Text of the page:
Identifying Assumptions


As previously discussed, the program designers realized that the program could only effectively work with women who had already begun to stabilize their lives. Any initiative is only as sound as its assumptions. Unfortunately, these assumptions are too often unvoiced or presumed frequently leading to confusion and misunderstanding in the operation and evaluation of the initiative. To address that problem, TOC documents assumptions to ensure agreement for planning and posterity.

For the long-term outcome: “Long-term employment at livable wages for domestic violence survivors”, these assumptions must be met for the outcome to be achievable:

A. There are jobs available in non-traditional skills for women.

B. Jobs in non-traditional areas of work for women, such as electrical, plumbing, carpentry and building management are more likely to pay livable wages and are more likely to be unionized and provide job security. Some of these jobs also provide a ladder of upward mobility, from apprenticeship to master, giving entry-level employees a career future.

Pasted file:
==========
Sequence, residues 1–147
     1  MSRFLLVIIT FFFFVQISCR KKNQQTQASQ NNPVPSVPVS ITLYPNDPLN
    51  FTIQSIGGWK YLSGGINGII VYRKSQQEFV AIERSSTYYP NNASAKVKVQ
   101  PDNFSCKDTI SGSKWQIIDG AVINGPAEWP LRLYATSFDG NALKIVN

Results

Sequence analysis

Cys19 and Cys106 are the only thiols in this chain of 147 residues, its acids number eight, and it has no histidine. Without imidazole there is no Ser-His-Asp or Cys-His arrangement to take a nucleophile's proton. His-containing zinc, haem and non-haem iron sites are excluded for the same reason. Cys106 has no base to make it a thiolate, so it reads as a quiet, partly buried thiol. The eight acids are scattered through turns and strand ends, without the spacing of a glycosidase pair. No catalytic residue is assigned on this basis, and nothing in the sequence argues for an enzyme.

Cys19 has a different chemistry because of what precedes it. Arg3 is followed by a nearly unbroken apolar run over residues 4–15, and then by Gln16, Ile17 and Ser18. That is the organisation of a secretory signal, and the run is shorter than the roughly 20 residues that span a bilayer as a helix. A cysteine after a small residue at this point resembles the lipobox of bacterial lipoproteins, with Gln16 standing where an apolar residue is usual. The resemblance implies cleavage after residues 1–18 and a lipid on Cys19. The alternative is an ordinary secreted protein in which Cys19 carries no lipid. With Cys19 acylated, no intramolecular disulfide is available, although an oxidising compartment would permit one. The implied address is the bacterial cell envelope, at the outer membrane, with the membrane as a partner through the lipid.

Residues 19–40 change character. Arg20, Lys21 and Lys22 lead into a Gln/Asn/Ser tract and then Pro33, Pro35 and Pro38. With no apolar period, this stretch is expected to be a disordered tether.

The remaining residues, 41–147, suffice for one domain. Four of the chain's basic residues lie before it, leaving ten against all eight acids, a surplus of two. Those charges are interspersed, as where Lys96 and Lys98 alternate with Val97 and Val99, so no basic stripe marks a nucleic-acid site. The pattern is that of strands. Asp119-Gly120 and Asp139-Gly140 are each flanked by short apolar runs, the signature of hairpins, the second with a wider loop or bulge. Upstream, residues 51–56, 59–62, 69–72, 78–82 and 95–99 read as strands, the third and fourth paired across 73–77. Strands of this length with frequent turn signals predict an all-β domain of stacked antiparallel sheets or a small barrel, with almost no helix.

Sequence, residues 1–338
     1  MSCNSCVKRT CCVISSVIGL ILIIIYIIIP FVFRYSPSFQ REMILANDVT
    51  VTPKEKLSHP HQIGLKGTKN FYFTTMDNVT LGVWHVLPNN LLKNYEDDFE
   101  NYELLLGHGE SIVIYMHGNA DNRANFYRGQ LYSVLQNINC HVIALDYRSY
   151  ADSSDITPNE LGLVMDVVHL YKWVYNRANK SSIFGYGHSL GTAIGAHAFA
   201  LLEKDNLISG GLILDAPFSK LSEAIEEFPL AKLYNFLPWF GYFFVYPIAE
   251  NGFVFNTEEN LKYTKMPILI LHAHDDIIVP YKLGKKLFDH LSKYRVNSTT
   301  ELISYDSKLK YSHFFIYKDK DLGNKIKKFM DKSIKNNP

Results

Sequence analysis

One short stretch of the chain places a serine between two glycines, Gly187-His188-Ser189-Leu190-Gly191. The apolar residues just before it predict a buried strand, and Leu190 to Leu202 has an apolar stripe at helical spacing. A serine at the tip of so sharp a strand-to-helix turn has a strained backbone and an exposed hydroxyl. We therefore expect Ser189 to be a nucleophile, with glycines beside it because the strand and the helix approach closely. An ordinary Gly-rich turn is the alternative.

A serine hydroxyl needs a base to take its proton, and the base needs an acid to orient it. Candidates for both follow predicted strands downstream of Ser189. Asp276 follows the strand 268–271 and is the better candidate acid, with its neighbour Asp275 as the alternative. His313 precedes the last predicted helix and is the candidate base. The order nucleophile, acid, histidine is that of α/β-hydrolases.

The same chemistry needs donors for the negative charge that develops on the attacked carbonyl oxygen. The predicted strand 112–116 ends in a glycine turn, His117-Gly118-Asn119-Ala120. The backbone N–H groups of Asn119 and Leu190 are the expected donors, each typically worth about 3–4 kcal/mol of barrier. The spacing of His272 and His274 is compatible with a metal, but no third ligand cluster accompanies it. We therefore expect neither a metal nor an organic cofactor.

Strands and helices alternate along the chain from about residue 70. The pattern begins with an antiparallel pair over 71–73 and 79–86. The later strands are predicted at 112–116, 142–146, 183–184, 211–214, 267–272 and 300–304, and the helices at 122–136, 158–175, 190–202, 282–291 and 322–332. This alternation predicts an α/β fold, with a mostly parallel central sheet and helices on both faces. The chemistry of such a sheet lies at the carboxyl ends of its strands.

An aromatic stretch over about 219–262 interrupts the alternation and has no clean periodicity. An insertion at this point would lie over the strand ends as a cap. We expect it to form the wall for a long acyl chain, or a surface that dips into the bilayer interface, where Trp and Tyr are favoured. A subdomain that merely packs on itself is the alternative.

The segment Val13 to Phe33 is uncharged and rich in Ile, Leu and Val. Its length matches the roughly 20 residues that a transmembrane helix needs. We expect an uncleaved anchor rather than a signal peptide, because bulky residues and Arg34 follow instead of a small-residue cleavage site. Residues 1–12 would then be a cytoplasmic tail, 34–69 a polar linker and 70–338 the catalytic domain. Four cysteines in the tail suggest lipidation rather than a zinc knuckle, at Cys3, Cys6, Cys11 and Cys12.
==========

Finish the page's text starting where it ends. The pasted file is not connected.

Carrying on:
These two assumptions make explicit why the participants believe this program can work: there are jobs in non-traditional work and that those jobs can offer better financial and professional

For the outcome: “Survivors attain coping skills”, (which is also a precondition of the long-term outcome): the assumption is:

C. Women who have been abused need more than just skills, they need to be emotionally ready for work as well.

Again, this assumption clarifies why and how this program is different from traditional job-training programs, i.e., the special psychological supports needed for the initiative’s clients.

For the outcome: “Survivors have marketable skills in non-traditional jobs”, it is assumed that:

D. Women can learn non-traditional skills and compete in the marketplace.
This assumption is an article of faith that women can compete and succeed in this new labor market.

Documenting assumptions and justifications is a continuous process. As outcomes are added and moved on the framework, it remains necessary to question and explain how and why they are necessary.